05/31/13 | OOO

The Top 5 Ways to Be a Startup Founder’s Bestie

Sure, it’s difficult being a founder, but being the friend of a founder is no picnic either. Here are some tips to help you be a good buddy to your friend doing a startup. 

By Brandy Alexander-Wimberly (Founder, Buyvite Group Pay)

Great new websites, apps and enterprise software just magically appear for users, don’t they? Of course not, but to someone outside the business of creating digital products it may appear that way.

Most of my close friends do not work in the digital space and have no idea what I actually do professionally, but when they ask about my startup, I am always prepared to promote my product, as any founder should be. And while most of them do not consider themselves tech savvy, given our world’s collective screen addiction, it does seem like most everyone can relate to user experience. So why not first look to your friends and family to provide insight into your early-stage product?

To make it easy for friends of founders, I’ve compiled this list of the top five things they can do to help support their bestie’s new business.

Be an Early Adopter

Sure, you’re a physician, financial analyst, surfer etc. and maybe you have no use for this product professionally, but your friend spent a lot of time and energy building it, so check it out. Get an account, accept those Terms of Service, spend some time clicking through the pages and getting to know it.

If it’s a consumer-facing product, that’s all the more reason to dive in, test drive it and understand what your friend is trying to achieve.

Think of it this way, if your good friend did something a little more “tangible” professionally, like pastry chef for example, you’d definitely sample her goods. Sampling UX is no different. An easy-to-use interface can be delicious and a complicated sign-up process can be quite nasty. Plus, as an added bonus, it’s fat free.

Why not combine efforts? Cupcake girl and tech startup girl can get together and host friends for dinner in exchange for touring the product and sampling the delicacies. That way dessert is taken care of and you both get good feedback.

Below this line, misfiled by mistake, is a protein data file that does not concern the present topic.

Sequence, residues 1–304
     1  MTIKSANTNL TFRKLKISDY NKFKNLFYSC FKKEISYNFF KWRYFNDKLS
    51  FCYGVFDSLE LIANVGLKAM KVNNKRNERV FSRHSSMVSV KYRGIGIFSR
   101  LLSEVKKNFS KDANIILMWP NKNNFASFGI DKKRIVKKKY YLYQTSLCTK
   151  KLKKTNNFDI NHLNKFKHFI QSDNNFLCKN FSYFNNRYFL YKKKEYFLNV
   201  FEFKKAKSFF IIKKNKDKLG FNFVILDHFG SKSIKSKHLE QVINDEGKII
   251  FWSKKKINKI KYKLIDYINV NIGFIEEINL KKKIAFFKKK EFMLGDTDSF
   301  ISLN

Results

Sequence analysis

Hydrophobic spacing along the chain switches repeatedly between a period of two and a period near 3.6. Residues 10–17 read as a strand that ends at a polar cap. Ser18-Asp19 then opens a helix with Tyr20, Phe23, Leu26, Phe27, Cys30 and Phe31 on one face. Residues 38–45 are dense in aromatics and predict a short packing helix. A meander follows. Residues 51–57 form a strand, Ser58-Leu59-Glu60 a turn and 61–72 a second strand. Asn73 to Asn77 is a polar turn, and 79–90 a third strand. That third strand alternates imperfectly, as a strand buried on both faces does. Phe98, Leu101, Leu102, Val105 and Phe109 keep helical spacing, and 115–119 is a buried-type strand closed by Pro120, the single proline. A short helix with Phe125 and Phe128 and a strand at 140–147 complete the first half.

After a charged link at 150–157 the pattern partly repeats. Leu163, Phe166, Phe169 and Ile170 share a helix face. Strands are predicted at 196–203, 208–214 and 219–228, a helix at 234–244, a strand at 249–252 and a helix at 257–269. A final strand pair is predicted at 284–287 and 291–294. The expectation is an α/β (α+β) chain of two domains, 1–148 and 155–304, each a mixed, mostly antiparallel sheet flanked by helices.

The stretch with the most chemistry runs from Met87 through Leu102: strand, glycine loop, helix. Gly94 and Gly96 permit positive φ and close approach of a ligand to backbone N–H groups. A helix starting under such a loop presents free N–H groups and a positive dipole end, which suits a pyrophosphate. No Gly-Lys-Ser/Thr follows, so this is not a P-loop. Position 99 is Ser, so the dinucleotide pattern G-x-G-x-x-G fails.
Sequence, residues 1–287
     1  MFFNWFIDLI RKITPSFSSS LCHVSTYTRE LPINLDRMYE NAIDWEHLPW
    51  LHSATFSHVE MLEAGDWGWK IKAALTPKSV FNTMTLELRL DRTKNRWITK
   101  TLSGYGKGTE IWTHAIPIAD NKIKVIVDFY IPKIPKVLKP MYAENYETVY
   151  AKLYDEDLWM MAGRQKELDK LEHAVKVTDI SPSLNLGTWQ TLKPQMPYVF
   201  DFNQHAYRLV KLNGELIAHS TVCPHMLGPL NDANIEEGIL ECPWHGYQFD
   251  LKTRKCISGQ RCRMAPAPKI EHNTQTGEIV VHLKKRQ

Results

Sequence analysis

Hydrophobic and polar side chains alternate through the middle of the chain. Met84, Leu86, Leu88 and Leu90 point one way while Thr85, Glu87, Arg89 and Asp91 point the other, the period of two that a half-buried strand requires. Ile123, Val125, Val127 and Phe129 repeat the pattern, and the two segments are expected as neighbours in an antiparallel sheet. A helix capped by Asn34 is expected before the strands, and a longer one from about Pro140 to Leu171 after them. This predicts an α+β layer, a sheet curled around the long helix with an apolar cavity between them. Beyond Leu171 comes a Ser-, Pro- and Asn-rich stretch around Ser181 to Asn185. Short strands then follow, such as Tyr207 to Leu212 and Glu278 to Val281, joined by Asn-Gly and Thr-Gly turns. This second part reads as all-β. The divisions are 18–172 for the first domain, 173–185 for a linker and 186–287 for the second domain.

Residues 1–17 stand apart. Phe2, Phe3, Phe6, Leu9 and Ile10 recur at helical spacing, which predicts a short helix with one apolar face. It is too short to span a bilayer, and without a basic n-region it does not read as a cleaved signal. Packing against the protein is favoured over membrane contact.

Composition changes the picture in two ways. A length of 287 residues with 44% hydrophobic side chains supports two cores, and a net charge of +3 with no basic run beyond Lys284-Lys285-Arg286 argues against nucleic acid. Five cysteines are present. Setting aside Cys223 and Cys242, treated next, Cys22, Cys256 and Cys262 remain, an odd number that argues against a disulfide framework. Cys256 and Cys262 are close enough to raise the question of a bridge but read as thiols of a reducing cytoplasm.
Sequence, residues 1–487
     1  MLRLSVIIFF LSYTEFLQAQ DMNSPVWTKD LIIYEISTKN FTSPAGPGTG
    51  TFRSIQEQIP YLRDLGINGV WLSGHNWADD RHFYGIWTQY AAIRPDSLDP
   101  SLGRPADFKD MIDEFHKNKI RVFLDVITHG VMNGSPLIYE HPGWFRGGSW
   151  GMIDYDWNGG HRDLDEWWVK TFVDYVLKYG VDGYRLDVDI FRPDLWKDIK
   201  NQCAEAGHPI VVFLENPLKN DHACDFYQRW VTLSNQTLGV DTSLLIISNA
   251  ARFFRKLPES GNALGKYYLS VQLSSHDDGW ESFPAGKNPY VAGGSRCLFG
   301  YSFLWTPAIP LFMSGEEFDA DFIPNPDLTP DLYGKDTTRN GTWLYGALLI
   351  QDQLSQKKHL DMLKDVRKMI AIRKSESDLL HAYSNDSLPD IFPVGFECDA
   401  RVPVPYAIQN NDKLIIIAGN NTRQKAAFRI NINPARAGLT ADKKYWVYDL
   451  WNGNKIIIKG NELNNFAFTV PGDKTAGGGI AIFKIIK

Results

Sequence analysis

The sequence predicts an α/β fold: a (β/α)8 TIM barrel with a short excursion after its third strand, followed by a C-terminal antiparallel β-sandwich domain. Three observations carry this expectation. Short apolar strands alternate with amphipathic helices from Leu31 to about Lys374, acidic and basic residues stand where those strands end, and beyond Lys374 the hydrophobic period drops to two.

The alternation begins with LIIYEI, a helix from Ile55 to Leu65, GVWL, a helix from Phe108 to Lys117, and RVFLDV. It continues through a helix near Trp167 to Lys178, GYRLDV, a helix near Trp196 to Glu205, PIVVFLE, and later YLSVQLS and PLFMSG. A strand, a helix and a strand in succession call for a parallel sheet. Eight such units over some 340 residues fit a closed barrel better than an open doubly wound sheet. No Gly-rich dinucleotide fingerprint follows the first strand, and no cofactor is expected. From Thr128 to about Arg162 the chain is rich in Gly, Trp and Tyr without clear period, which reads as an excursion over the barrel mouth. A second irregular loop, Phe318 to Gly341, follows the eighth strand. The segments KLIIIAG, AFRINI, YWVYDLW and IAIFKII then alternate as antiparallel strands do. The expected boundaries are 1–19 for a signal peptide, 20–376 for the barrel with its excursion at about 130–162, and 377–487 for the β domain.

Be Honest About Your Experience

Startup founders spend a huge amount of time and resources creating their product, and can sometimes fail to see the forest through the trees. As a friend, it’s hugely beneficial to experience their product and make recommendations on improvement even if you’re not used to critiquing technology. It’s valuable feedback to hear how people from all walks of life view everything from the look and feel of the experience to the functionality. You may think you’re calling their baby ugly, but you’re not. User experience is everything to an early-stage company and the more feedback your friend can get from someone not associated with building the product, the better.

Follow Them Socially

Getting traction is critical to the success and funding of an early-stage company, and following your friend’s company on any relevant social network they’re plugged in to is beneficial for her. Take a little extra time to see what they’re doing socially and spread it to your own social graph. Commenting, liking and sharing is a very cost effective way to help promote your friend’s product or company. She will do the same for you!

Read Their Email

Your friend also spends a lot of time not only building her product but thinking of ways to market it creatively too. You’re most likely on her email marketing list, take a minute to read her emails and see what she’s up to, and again make recommendations on how to improve them.

Also sending over great marketing campaigns that you’ve connected with is an easy way to help your friend brainstorm on how things you’ve responded to can help her company grow its user base.

Introduce It to Your Friends

OK, so you know your friend built something cool, now it’s time to turn it over to your network and people she may not be connected to, and that’s not just via social media. A lot of early success can come from word of mouth and guerilla-style marketing.

And founders- don’t be afraid to incentivize your friends to talk about your product. It’s a very cost effective way to get the word out there. Maybe offer an exchange for something for every person they get to sign up for your service.

It is of course a delicate balance. It’s important to note that if your friend is working on a startup, she may not want to even discuss it, so it can be an awesome gesture to inquire about how you can help. Founders, you also don’t want to be “that girl” who is endlessly self promoting, so knowing your audience is critical too.

Don’t get me wrong, most of my friends and family have been supportive of any venture I’ve been a part of, but I don’t think they quite understand how much their support can add value to an early-stage effort.

Women 2.0 readers: What’s the most helpful thing your friends did for you when you were starting up?

Brandy Alexander-WimberlyAbout the guest blogger: Brandy Alexander-Wimberly is founder of Buyvite Group Pay, a social payment platform, Cheetah Interactive a digital marketing services company and Silicon Rust Belt, a news source covering technology innovation in the upper Midwest. Follow Silicon Rust Belt on Twitter @SiliconRustBelt

Image credit: Katie Harris via Flickr

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